Microsoft looks to extinguish LAMP

After years of beefing up its software for corporate use, the software behemoth is threatened by a cut-rate, open-source challenger.

Microsoft engineers have toiled for years to make the company's software industrial strength and worthy of large corporations' dollars.

Now the software giant faces a different challenge: fending off open-source alternatives that are good enough for most jobs.

At Microsoft's TechEd customer conference last week, executives spelled out the company's lineup to combat these cut-rate incursions onto its turf.


What's new:
To cool off the popularity of the open-source LAMP combination for application development, Microsoft is readying improved Windows-based alternatives, including low-end Web tools, a database and an Apache-like Web server.

Bottom line:
To combat LAMP--and open source in general--Microsoft is focusing both on improving individual products and on designing a comprehensive Windows server suite to be cheaper to own in the long run.

More stories on LAMP

In particular, the company is focused on improving its alternatives to the so-called LAMP stack, the combination of the Linux operating system, Apache Web server, MySQL database, and scripting languages PHP, Perl or Python.

Microsoft's anti-LAMP strategy is to heap features into its low-end products and to build a comprehensive set of tools--spanning development to management--in the hopes of making Windows Server more attractive.

Because open-source products can, in general, be downloaded for free, Microsoft has to compete against them by drawing attention to the "total cost of ownership." It must make the case that, all things considered, Windows applications are cheaper over the long term.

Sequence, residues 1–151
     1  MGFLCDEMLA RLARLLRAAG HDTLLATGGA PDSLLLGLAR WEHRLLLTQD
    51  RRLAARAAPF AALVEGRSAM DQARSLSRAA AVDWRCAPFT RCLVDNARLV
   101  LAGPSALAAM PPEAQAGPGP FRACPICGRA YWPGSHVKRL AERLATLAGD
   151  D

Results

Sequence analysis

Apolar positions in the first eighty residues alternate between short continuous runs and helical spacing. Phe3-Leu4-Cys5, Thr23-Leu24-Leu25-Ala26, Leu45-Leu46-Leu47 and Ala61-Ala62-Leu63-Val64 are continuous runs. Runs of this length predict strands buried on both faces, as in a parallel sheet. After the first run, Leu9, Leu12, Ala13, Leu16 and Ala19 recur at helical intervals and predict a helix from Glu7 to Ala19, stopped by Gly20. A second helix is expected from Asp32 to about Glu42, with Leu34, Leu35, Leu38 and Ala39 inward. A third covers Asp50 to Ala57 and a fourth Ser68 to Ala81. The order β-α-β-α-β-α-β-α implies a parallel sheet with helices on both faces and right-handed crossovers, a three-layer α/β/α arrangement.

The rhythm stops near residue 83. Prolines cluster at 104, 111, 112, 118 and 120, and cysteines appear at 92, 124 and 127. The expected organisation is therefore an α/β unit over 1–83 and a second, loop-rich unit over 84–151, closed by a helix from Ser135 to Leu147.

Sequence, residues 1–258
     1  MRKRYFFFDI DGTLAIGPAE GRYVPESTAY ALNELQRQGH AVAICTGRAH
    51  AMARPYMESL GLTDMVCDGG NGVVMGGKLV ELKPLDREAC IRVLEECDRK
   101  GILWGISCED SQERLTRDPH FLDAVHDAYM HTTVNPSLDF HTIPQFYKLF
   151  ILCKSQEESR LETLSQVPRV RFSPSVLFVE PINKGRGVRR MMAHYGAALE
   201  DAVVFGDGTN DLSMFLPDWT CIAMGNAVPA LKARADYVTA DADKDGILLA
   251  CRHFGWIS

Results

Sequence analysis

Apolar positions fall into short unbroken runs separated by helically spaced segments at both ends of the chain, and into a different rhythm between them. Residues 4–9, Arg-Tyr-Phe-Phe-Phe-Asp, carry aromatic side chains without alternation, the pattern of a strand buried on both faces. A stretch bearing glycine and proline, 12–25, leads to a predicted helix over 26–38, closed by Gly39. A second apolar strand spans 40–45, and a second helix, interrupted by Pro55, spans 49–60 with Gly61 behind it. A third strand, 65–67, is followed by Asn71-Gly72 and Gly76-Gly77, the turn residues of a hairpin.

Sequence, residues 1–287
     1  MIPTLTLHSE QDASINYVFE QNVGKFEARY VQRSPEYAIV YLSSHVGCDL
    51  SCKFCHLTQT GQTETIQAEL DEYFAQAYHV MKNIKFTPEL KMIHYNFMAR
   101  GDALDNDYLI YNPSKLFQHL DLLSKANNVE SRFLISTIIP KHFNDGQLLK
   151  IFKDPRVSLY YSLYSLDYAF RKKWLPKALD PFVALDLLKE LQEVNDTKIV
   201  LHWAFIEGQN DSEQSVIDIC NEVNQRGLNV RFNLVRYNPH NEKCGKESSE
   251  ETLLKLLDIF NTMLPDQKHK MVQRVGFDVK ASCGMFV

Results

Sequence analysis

Open source "is the first competitor we've ever had where our cost of acquisition is higher than their cost of acquisition," said Microsoft CEO Steve Ballmer. "Usually, we're able to come in and say, 'We're cheaper and better'...Here we have to say, 'lower total cost of ownership--and better.'"

The LAMP combination--or ones like it--have been around for many years. But as LAMP becomes more popular, it poses a more comprehensive threat to Microsoft than Linux alone, because the LAMP package includes a development environment and database.

Microsoft executives have long been aware of how developers are using the LAMP stack, but in the past few months the company has shown a more organized response.

In his keynote speech at TechEd, Ballmer cited LAMP as a competitor to Windows and its .Net development software and touted Microsoft's ability to fend off LAMP for "lightweight Web app development."

Stacking up against LAMP
In November, Microsoft will release Visual Studio 2005, which will include a new edition called Visual Web Developer Express designed specifically for relatively small-scale Web development, where LAMP is often used.

At the same time, Microsoft will release two low-end versions of its SQL Server 2005 database, including a free Express edition. The Workgroup Edition of SQL Server, meanwhile, will include business-intelligence software for generating business reports--typically a costly add-on.

To attack Linux and the Apache Web server in its stronghold among Web hosters, Microsoft next year will release an edition of its Internet Information Server (IIS), Web server software that mimics many of

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